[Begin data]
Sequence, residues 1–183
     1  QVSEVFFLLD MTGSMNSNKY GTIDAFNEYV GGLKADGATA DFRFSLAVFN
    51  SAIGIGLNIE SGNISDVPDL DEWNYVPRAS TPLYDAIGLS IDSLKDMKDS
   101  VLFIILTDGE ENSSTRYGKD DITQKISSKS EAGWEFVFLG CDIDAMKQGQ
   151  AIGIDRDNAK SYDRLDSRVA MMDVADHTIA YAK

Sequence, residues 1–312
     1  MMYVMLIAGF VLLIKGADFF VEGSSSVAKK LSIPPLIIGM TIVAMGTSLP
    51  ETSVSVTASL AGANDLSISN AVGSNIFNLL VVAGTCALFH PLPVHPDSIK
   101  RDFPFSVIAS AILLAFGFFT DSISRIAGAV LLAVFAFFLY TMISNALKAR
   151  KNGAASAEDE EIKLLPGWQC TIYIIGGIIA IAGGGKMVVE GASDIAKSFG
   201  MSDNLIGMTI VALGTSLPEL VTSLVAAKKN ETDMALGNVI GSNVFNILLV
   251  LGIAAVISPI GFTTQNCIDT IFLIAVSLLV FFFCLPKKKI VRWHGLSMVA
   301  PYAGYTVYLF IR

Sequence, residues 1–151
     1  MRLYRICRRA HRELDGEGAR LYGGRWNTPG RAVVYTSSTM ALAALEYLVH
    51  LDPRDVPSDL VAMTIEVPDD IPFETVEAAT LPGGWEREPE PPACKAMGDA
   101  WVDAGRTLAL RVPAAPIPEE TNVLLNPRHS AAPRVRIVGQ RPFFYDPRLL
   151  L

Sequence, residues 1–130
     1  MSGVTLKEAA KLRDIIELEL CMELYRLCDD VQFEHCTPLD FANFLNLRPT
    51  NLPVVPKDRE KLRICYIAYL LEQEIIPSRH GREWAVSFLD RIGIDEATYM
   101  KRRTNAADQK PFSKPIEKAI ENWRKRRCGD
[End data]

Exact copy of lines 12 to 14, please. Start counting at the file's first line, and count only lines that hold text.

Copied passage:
   251  LGIAAVISPI GFTTQNCIDT IFLIAVSLLV FFFCLPKKKI VRWHGLSMVA
   301  PYAGYTVYLF IR

Sequence, residues 1–151